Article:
13/03/2015 11:55 GMT | Updated 12/05/2015 06:59 BST

I Get By With a Little Help From My Friends

Hello, I'm Penelope Friday. I am a disabled mother: I've had a diagnosis of moderate to severe ME/CFS for 22 years, and a diagnosis of fibromyalgia for 1 day (yes, really. No thank you, in the nicest possible way, I don't want to know what you advise for either of them). I have a very wonderful son of nine, but when he was a pre-schooler, I had a horrendous amount of trouble getting him to pre-school. I have been reminded of this recently because my car - fairly vital when you can barely walk - has unfortunately gone the way of all things mechanical. And I'm back to relying on... well, that little (or, in my case, big) bit of help from my friends.

In the past when I didn't have a car, my options were (a) not to send my son to pre-school (and he loved pre-school), or (b) phone my parents and ask them to drive ten miles out of their way, in order to give me a lift from one side of my village to the other (annoying and inconvenient for them, and humiliating for me as a 30-something woman unable to manage without parental support). Obviously, now he's older, not sending him to school (since I don't home-school) is not actually legal, and we're fortunate enough that my son also loves his Primary school. But getting him there without a car and (as we tend to term it in our household) "without legs" would be a trial.

Except it isn't, because I have a mobility scooter (known more regularly as "the dalek"). And how did I come into possession of this most wonderful device? Well, it's thanks to the internet. We've all heard horror stories of 'trolls' surfing the internet ready to hurt or attack anyone online. Or people pretending to be someone they aren't, for a whole raft of nefarious reasons. But that's not the whole story. As someone who is usually housebound, the internet has been my lifeline to the world outside - to people. Many of the people I consider my closest friends are folk I've never met.

When I used to talk about "my friends," meaning these people I knew through the internet, my family and certain other people used to smile and indulge me in my love for what they generally referred to as "Pen's imaginary friends". They don't laugh now - not after a group of these 'imaginary' people got together (and again I mean virtually) in order to raise money to allow me to get a mobility scooter. My friends had known about my struggle to have independence and had sympathised when I was turned down for Disability Living Allowance (wrongly turned down: I've since, thank goodness, been accepted). But they went further than just supporting me on the internet. They did something about it. Something amazing. They saw one way in which they could make an incredible difference to my life - and they went ahead and did it.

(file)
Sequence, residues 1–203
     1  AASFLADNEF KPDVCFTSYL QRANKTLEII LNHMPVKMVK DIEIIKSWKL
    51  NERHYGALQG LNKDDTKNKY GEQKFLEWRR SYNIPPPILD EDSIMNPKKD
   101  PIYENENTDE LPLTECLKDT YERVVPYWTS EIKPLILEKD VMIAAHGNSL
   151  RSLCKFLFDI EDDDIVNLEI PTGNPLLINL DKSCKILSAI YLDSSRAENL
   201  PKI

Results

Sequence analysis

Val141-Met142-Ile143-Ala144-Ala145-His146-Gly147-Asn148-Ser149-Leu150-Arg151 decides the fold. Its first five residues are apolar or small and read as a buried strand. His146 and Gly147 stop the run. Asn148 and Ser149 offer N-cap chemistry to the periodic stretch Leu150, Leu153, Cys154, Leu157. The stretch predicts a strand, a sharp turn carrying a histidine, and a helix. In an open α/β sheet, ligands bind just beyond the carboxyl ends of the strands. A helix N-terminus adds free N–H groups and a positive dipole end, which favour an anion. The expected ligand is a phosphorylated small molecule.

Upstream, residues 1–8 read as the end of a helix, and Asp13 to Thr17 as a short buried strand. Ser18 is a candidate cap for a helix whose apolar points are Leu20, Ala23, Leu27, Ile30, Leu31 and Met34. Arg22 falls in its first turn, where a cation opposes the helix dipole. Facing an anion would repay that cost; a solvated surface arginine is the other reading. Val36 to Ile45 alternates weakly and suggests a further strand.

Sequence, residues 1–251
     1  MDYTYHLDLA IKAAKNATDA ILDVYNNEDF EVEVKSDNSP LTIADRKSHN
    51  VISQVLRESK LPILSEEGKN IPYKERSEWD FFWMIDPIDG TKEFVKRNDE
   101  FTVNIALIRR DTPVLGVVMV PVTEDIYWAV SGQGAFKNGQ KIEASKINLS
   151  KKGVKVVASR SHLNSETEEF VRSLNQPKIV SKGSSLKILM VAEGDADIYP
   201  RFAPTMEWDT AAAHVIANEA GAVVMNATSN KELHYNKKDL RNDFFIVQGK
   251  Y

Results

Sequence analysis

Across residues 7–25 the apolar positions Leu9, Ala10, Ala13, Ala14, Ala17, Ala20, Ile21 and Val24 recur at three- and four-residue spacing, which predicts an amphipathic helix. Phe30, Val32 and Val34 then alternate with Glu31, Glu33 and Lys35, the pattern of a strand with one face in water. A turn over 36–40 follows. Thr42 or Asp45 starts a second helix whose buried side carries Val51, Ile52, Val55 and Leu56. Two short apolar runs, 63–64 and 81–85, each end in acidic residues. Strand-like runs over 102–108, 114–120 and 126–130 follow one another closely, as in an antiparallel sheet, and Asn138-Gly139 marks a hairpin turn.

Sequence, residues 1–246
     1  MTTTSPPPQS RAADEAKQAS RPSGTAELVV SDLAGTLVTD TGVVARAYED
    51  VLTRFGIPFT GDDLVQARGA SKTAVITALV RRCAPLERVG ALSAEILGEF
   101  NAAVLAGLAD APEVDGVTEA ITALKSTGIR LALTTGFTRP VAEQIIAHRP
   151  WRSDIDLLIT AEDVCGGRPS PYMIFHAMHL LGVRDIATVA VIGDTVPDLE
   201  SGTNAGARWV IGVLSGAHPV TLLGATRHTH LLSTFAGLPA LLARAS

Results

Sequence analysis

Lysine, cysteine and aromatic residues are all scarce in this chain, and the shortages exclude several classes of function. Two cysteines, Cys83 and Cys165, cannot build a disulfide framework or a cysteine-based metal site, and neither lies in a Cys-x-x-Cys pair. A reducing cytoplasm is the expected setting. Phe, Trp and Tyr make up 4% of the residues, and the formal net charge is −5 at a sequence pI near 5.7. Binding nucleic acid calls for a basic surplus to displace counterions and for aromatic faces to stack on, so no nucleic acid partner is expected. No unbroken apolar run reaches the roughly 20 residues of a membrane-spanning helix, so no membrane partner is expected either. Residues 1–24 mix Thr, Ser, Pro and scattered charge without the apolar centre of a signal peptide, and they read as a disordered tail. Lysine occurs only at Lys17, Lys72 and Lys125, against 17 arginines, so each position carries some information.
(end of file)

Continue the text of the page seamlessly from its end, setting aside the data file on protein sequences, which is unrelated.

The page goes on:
Why am I writing about this? Well, when you're disabled, and you're fighting every day to get reasonable and equal treatment (especially in the current climate), it's sometimes tempting to believe that the world is a horrible place and that everyone is out to get you - or at any rate, even if people aren't trying to make your life hard deliberately, the world is set up so that it's hard to get a decent break. The news tends not to help: we are bombarded with stories of violence and disaster. Good news rarely gets a look in. My life has been changed by the understanding and kindness of a group of people, most of whom I have never even spoken to on the phone, let alone met. When I am angry - and I do get angry - about the lack of understanding people with disabilities meet almost everywhere, I remember that there are people out there who not only understand what we're going through, but care enough to change it.

As well as being a disabled mother, I'm also a writer and I've written publicly about problems and issues that I face as a disabled woman. It's important to point these things out, and to work towards changing things for the better. But it's also important to acknowledge all the good things, too. To remind ourselves that things can change - and that there are people who care about making these changes, and who are prepared not only to talk the talk but also to mobility scooter the walk (if you'll excuse the turn of phrase). I'm disabled. I face many challenges in my life. But my disability has also been responsible for making me the recipient of the greatest act of kindness and love that I've ever experienced. And you know what? That is important too.